its staff as a way of providing better service to its Spanish
also created two literacy centers established with 8 PCs
each, and on-site paid instructors. The object of the centers
is to help ESOLs develop language and information literacy
WLS recently published a bilingual Immigrant Resources Directory
listing all of the relevant service agencies in the County.
The directory was published both waysfront in Spanish;
turn it over and the front is in English.
part of my professional outlook I am committed to Spanish
have always been committed to serving everyone. I believe
that the public librarys greatness as a democratic
institution is its commitment to serving everyone regardless
of his or her language, national origin, race, religion,
sexual orientation, physical differences, or ability to
pay. My career reflects achievements and activities in the
library, in the ALA, and in my personal life that embody
diversity issues will be an absolute priority of my presidency.
J. (Mitch) Freedman, MLS, PhD.
Candidate for A*L*A P*R*E*S*I*D*E*N*T
Westchester Library System
410 Saw Mill River Road Suite 1000
Ardsley, NY 10502
think it is important to provide materials in the native
language of library users if there is a demand for this
material. In my eighteen years as Director of the
San Diego Public Library, I have added collections in many
languages, and today materials in more than 100 languages
are available at the SDPL. In addition, the library's
catalog is available in English or Spanish.
Besides materials, the SDPL attempts to place librarians
in branches who speak the language and understand the culture
of our users. Staff receives a 5% salary bonus if
they are able to pass a language test for those branches
that are determined to be bi- or multilingual.
The SDPL coordinates collection development with libraries
in Mexico, and the library has entered into cooperative
agreements with Mexican libraries.
If you need more information, please contact me.
2. Terra introduces three new services
The popular Spanish-language portal last week added
free instant messaging, 25MB of virtual document storage, and the
only free website authoring & publishing
service available en español. That last one has been added
to 'Tu Bibliotecario Electrónico,' our Web index for Spanish speakers
Heartfelt thanks from Flaco, by
the way, to the many libraries around the country that have linked
3. You've gotta like the name, and the price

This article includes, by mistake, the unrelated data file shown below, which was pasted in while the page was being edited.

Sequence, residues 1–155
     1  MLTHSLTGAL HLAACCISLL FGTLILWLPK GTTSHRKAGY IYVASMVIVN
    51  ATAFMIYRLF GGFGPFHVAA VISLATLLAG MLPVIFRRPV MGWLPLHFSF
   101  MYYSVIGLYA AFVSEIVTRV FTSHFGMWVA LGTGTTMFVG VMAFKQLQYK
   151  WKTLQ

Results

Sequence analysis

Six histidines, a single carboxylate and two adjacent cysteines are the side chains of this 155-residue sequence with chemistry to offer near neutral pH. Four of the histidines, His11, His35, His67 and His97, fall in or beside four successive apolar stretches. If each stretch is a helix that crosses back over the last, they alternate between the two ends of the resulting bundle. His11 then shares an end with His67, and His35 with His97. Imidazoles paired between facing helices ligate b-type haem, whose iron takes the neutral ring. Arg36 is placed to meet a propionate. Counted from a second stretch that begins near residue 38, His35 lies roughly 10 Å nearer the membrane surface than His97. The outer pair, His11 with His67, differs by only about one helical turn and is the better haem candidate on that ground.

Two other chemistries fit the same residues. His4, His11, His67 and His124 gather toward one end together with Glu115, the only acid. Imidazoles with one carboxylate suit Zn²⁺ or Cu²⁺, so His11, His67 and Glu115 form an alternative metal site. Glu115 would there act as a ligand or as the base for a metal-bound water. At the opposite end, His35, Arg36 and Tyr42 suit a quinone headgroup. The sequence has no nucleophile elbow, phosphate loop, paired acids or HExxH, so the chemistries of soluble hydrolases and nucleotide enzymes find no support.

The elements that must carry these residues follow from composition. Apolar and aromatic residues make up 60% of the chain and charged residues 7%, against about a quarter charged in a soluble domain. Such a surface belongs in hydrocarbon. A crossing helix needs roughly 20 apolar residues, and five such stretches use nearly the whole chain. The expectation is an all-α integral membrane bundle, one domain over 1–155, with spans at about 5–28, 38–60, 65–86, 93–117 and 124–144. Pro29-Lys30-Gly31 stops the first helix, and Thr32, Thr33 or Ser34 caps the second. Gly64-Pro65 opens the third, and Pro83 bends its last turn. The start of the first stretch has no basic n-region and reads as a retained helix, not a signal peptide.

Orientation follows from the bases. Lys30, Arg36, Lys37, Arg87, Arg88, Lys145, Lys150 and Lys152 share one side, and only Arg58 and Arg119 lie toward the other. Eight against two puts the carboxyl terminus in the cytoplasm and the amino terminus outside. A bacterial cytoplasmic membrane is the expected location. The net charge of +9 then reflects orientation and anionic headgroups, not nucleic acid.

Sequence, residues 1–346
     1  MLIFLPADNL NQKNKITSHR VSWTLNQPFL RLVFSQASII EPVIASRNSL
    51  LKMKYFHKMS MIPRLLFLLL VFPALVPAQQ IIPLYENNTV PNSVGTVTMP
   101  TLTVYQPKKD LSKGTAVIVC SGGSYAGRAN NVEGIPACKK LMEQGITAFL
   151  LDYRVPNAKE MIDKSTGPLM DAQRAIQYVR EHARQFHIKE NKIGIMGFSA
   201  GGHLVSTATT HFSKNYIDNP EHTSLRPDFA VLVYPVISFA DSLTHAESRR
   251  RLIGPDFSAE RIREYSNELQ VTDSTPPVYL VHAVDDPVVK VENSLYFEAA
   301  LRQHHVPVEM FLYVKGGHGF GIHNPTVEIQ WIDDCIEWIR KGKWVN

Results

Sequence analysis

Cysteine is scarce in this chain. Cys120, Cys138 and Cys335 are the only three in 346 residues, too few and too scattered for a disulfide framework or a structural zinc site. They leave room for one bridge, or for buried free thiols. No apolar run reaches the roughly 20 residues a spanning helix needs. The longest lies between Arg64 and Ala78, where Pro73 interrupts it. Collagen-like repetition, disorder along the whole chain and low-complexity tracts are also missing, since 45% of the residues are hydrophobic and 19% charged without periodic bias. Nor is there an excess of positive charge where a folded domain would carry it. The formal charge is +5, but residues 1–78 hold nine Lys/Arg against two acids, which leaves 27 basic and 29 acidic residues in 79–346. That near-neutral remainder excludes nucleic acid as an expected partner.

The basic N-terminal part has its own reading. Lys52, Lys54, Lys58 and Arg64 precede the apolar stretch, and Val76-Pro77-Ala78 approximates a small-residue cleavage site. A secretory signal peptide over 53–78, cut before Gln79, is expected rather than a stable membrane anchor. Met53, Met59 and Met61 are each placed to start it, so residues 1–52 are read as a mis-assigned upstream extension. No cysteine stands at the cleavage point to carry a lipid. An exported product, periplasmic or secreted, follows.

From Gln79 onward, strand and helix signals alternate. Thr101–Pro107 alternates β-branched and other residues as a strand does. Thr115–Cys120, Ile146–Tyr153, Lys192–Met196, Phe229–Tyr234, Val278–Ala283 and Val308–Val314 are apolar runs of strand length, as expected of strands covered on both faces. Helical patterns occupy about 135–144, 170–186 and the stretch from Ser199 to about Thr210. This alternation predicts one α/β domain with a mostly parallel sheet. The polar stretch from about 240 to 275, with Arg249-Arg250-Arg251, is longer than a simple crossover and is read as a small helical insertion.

From: Kezia Scales firstname.lastname@example.org
I am writing to you from The Sun Magazine,
a monthly English-language literary magazine which publishes essays,
interviews, short stories, poetry, and photography. The
magazine is not targeted towards a specific audience, and it generally
appeals to a broad demographic of readers. The content of
the magazine comes primarily from unsolicited submissions (there
are no staff writers), which allows for a considerable diversity
of voices to be represented within the pages of The Sun.
Although the content varies significantly, the general tone of
the writing tends to be very personal, interwoven with philosophical,
spiritual, and political themes.
The Sun recently received a grant from
the National Endowment for the Arts to donate subscriptions to
three hundred public libraries across the country. Approximately
one third of the complimentary subscriptions will be sent to libraries
which reach out to traditionally underserved populations.
We are appealing for suggestions of specific libraries that are
located in traditionally underserved communities (such as economically
disadvantaged or predominantly non-white neighborhoods), or that
have established strong diversity/outreach programs. If
you are affiliated with a library which you think might fit this
description and benefit from a complimentary subscription to The
Sun, and/or if you know of other such libraries, please respond
by Friday, March 9 to email@example.com,
or call The Sun directly (919-942-5282).
Office Assistant at The Sun Magazine
4. Oregon library co-op publishes newsletter
The Washington County Cooperative Library System serves
NW Oregon's Silicon Forest as well as a rich agricultural region.
The WCCLS even let Flaco work at one of their circ desks for a while.
The cooperative has done an outstanding job of mounting its entire
newletter on the web in Spanish translation:
An in case you haven't heard, WCCLS also recently produced
a nice Spanish-language library orientation video they'd be pleased
to share with you. See SOL 36 for details:
5. It's official: Three million Americans
As grumbled about previously in SOL, the Census
undercount will not be statistically remedied. For more analysis,
and a link to a related story on how this will likely affect multicultural
marketing, go to LINK.